A System in Distress

Since 2009, IGM has been working with education institutions, primarily with students, to better understand mental health and its effects on youth. 

Early in 2020, along with others, we identified that the pandemic would afflict the education systems. The loss of routines, the joy of seeing students interact and learn, and the lack of well-being of their students. In fact, it has created more chaos than anyone could have anticipated. 

Educators, administrators and entire districts have been reeling for over two years. They have been asked and required to do much more than their job descriptions state. They have been asked to keep the students safe when allowed in school, and when not; forced to teach online and to keep them engaged through a screen where they cannot control the environment. All the while still managing their own families at home. 

Teachers and administrators are often informed just as we the public are, and with less than ample time to make the necessary arrangements. They have to scramble to move lessons online; they have to figure out what to do with their children. Balance is impossible as they adapt as best they can to support our children.  

The education system is far from perfect. It is demanding and full of ego; the culture can be toxic. It is hard not to shed a tear when listening to their shared stories. It is often the case that those who care deeply for the well-being of others do not take care of themselves. 

These human beings have been pushed to the limit. Like the rest of us, they are at a loss for words as no words can describe the state of the world today. Days are filled with uncertainty, fear, and worry. Unfortunately, this contributes to unhealthy mindsets and will lead to afflictions that will change generations to come. 

Students are suffering. Some children do not know school without a mask. Students who have done what has been asked have been denied their graduation ceremony, which marks a significant achievement in their young lives. They have been disappointed countless times and are not growing up in an environment that will help develop valuable life skills. They are learning the opposite, to not trust others, to judge the values of others, and all of this contributes to them growing up with excessive stress and social anxiety. These afflictions will alter the generations to come and the fallout will likely be far more significant than we can imagine today.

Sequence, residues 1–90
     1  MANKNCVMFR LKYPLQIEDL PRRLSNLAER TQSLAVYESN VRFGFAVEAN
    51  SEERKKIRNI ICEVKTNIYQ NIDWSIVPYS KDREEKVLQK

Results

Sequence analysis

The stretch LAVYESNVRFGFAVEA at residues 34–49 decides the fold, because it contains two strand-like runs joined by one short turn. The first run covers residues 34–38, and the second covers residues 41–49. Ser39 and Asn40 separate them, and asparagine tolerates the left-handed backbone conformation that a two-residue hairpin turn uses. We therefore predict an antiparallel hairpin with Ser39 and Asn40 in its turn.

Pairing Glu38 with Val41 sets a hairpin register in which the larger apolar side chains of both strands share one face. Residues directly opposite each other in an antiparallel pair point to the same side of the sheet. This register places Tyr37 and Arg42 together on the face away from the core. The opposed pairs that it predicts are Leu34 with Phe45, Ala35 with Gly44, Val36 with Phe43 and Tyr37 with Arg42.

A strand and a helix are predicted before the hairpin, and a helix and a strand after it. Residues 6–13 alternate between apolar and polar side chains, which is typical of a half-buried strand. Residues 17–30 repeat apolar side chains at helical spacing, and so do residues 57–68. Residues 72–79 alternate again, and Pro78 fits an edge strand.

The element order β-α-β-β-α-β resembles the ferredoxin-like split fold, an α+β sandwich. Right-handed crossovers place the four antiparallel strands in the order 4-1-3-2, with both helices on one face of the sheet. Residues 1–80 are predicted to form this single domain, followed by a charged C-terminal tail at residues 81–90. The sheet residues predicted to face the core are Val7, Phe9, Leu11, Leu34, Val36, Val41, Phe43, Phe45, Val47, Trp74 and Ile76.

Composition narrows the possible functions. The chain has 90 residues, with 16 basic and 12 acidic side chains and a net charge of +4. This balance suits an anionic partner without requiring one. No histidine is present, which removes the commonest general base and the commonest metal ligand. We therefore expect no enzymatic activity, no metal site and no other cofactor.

The system is in trouble; the individuals are battling every day. Experienced teachers are quitting; young teachers are questioning themselves and the choice they made. Students are not considering teaching as a career. Why would they? The result of this is going to cause more and more issues in the future. What will happen when we do not have enough teachers in the future to educate the next generation?

Here’s the good news, we can help them. We can show patience and understanding. It is not their choice to shut down schools. They suffer as much as everyone else, if not more. We can support the people who have one of the most important jobs in our society.  We can make sure the next generation is better than we are. 

The children are our future, and we need to do all that we can to support our teachers. These are the people who have dedicated their lives to making sure our kids are educated and understand the importance of learning. A thankless job at times, a demanding job always. 

So the next time you get frustrated by the restrictions, the shutdowns, or the fact that our kids have to wear masks to school, please remember, our teachers are a courageous group that we need to appreciate and support. They are doing their jobs in a system that is in distress.